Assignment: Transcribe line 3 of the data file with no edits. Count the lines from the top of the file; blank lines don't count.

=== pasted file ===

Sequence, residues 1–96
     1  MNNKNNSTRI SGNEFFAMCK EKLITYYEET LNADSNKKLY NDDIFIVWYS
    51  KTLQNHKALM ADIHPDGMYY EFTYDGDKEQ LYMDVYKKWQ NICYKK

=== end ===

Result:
    51  KTLQNHKALM ADIHPDGMYY EFTYDGDKEQ LYMDVYKKWQ NICYKK